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Hallelujah, Baby

by B.A. Nilsson on July 20, 2011

Uptown, Downtown

With all eight pieces of the band wailing as Leslie Uggams gives a powerhouse treatment to “On the Sunny Side of the Street,” you can’t help but be impressed the energy. It’s a great sound, reminding us of the majesty of jazz-inflected music and song.

But Uggams’s own instrument is mutli-hued, and there’s just as much energy in the delicacy of the Goffin-King anthem “Up on the Roof”, which, delivered as a wistful ballad with only the affecting guitar work of Steve Bargonetti behind it, is one of the show’s most magical moments.

Uptown, Downtown came to Capital Rep for a two-week stay, and I wouldn’t let this one get past you. The remarkable singer-actress pays tribute to her long career (she started performing while still in single digits), framed by the contrast between her uptown (Washington Heights) childhood and her eventual (downtown) Broadway career.

Her most notable Main Stem, appearance was in the show Hallelujah, Baby, written by Jule Styne with Betty Comden and Adolph Green, and two of its songs were featured, both performed to music director Don Rebic’s solo piano: “My Own Morning” and “Being Good Isn’t Good Enough.”

The first Broadway show Uggams saw was The King and I, and her version of “Hello Young Lovers” was sung to Buddy Williams’s drumming—mostly ride cymbal and bass drum, with tasty accents.

If she didn’t give us anything from Anything Goes or Thoroughly Modern Millie, two of her more recent shows, she more than made up for it with the two dozen she chose, all of them connected, via the fascinating stories she told, with her life and the lives of the performers who most influenced her.

Some of them were on the Apollo Theater bill with her, a venue she worked between the ages of nine and 16, and thus she paid tribute to Louis Armstrong (“Lazy River,” featuring nice trumpet work by Michael Dietlein), Ella Fitzgerald (“A-Tisket, A-Tasket”) and Washington Heights neighbor Frankie Lymon and the doo-wop sound (“Up on the Roof”).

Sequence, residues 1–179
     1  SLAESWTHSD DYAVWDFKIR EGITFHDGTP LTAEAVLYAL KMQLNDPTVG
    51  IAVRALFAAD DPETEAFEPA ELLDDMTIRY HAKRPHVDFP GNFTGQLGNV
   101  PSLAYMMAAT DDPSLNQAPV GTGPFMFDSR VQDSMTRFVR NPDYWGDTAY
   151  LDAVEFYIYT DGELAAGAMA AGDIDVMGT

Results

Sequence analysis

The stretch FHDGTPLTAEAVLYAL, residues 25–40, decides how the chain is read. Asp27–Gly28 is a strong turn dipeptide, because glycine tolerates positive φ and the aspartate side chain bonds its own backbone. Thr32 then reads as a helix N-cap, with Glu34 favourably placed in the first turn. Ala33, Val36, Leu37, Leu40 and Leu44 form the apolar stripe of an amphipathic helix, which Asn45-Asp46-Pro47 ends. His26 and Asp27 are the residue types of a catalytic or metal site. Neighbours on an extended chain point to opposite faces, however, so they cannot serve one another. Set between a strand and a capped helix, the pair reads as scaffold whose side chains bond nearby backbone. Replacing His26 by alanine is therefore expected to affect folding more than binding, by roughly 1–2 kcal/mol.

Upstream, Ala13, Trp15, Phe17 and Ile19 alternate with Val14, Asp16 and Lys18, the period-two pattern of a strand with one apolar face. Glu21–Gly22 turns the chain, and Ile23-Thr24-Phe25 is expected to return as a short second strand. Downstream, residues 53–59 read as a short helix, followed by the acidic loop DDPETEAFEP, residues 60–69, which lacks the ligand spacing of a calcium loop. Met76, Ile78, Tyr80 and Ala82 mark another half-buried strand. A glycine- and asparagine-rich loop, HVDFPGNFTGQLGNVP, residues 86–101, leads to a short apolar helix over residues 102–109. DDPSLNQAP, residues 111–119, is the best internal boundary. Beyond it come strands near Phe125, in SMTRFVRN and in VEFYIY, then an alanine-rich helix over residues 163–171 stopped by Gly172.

Uggams and her musical crew are skilled at adapting material for her purposes; thus, the show’s opening, featuring clarinetist Lenore Aldi-Snow swooping through the opening of “Rhapsody in Blue,” soon turned into Gershwin’s “There’s a Boat That’s Leaving Soon for New York” with “Rhapsody in Blue” figures behind it and a natty interpolation of “New York, New York” emerging from “On the Town.”

More Gershwin came later in the show: a definitive “Summertime,” bluesy without flailing all over the map, and “I Got Plenty of Nothin’,” with flute and synthesized vibes in the surprising mix.

“Born in a Trunk,” from A Star is Born, was refit to salute Harlem and the Apollo, while her salute to Dinah Washington was a medium-tempo rendition of “I Want to Be Around (to Pick up the Pieces)” interwoven with “You Made Me Love You,” which Uggams deftly infused Washington’s tone and inflection.

Uggams tonal vocabulary is amazingly colorful, much more detailed than what is thought of as a “Broadway” sound. Billie Holiday’s signature “Them There Eyes,” began slow, with a deep richness about it, then swung into double time; Holiday also inspired the choice of “Good Morning, Heartache” which became a slow, bluesy ballad with the band.

The first half finished with mini Ellington tribute: “It Don’t Mean a Thing” and “Take the A Train,” both swung with a feeling that Duke would have enjoyed.

Many singers before Uggams have paired Paul McCartney’s “Yesterday” with Jerome Kern’s “Yesterdays,” but her version—again pairing her only with guitarist Bargonetti for the first song—was so heartfelt that even lyricist Otto Harbach’s annoying use of the word “forsooth” in the second song didn’t have the fingernails-on-blackboard quality I usually suffer when hearing it.

Alongside her rhythm section were five excellent local hires: Aldi-Snow, Dietlein, trombonist Ben O’Shea, bassist Mike Wicks and Vincent Bonafede on keyboard.

The busy Uggams—who developed Uptown, Downtown early last year and has presented it at the Pasadena Playhouse and Manhattan’s Café Carlyle, among other venues—is also working on a theater piece about Lena Horne, and, appropriately, belted out a magnificent “Stormy Weather” as a program closer.

“What’s an ‘Uggams?” the singer asked, beginning a charming story about how her search for her own roots led to an acclaimed role in Alex Haley-penned mini-series Roots. Everyone in the packed opening-night house knows the answer: An exemplar of how stories should be told and songs should be chosen and sung.